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Re: [webcomponents] Imperative API for Insertion Points

From: Ryosuke Niwa <rniwa@apple.com>
Date: Sun, 16 Feb 2014 18:04:45 -0800
Cc: Hayato Ito <hayato@google.com>, Dimitri Glazkov <dglazkov@chromium.org>, William Chen <wchen@mozilla.com>, Jonas Sicking <jonas@sicking.cc>, public-webapps <public-webapps@w3.org>, "www-tag@w3.org List" <www-tag@w3.org>, Yehuda Katz <wycats@gmail.com>, Dave Herman <dherman@mozilla.com>
Message-id: <BBE7D1F5-550C-427E-B715-86C18834F940@apple.com>
To: Alex Russell <slightlyoff@google.com>

> On Feb 16, 2014, at 1:21 AM, Alex Russell <slightlyoff@google.com> wrote:
> 
>> On Sun, Feb 16, 2014 at 12:52 AM, Ryosuke Niwa <rniwa@apple.com> wrote:
>>> On Feb 16, 2014, at 12:42 AM, Ryosuke Niwa <rniwa@apple.com> wrote:
>>> 
>>>> On Feb 15, 2014, at 11:30 PM, Alex Russell <slightlyoff@google.com> wrote:
>>>> 
>>>>> On Sat, Feb 15, 2014 at 4:57 PM, Ryosuke Niwa <rniwa@apple.com> wrote:
>>>>> Hi all,
>>>>> 
>>>>> Ifd like to propose one solution for
>>>>> 
>>>>> [Shadow]: Specify imperative API for node distribution
>>>>> https://www.w3.org/Bugs/Public/show_bug.cgi?id=18429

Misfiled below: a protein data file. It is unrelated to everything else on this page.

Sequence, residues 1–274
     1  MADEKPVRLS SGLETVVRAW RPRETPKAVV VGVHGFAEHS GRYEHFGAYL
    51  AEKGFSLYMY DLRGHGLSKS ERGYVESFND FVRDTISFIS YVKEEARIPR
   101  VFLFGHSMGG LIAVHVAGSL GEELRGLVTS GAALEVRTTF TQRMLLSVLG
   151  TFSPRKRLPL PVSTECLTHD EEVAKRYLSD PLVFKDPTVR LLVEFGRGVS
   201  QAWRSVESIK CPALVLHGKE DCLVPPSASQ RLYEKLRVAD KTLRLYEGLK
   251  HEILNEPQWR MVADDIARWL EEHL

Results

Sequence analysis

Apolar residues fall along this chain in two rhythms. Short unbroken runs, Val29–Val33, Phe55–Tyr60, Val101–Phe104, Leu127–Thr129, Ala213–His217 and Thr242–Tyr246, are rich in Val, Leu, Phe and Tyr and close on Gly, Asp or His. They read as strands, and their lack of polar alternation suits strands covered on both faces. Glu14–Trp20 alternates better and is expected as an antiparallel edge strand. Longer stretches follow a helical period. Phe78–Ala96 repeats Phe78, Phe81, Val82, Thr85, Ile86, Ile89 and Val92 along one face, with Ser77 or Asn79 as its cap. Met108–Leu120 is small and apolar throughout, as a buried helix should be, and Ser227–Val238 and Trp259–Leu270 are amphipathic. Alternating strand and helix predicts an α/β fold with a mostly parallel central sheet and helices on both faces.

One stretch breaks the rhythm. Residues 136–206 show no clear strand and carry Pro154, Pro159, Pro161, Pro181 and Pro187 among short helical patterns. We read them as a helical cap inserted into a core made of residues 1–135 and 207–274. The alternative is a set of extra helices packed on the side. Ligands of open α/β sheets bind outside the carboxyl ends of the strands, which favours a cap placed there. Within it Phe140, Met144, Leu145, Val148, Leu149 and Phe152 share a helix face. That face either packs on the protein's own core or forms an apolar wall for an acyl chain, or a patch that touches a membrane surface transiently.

>>>>> 
>>>>> because select content attribute doesnft satisfy the needs of framework/library authors to support conditionals in their templates,
>>>>> and doesnft satisfy my random image element use case below.
>>>>> 
>>>>> 
>>>>> == Use Case ==
>>>>> Random image element is a custom element that shows one of child img elements chosen uniformally random.
>>>>> 
>>>>> e.g. the markup of a document that uses random-image-element may look like this:
>>>>> <random-image-element>
>>>>>   <img src="kitten.jpg">
>>>>>   <img src="cat.jpg">
>>>>>   <img src="webkitten.jpg">
>>>>> </random-image-element>
>>>>> 
>>>>> random-image-element displays one out of the three img child elements when a user clicks on it.
>>>>> 
>>>>> As an author of this element, I could modify the DOM and add style content attribute directly on those elements
>>>>> but I would rather use shadow DOM to encapsulate the implementation.
>>>>> 
>>>>> 
>>>>> == API Proposal ==
>>>>> 
>>>>> Add two methods void add(Element) and void remove(Element) to content element.
>>>>> (We can give them more descriptive names. I matched select element for now).
>>>>>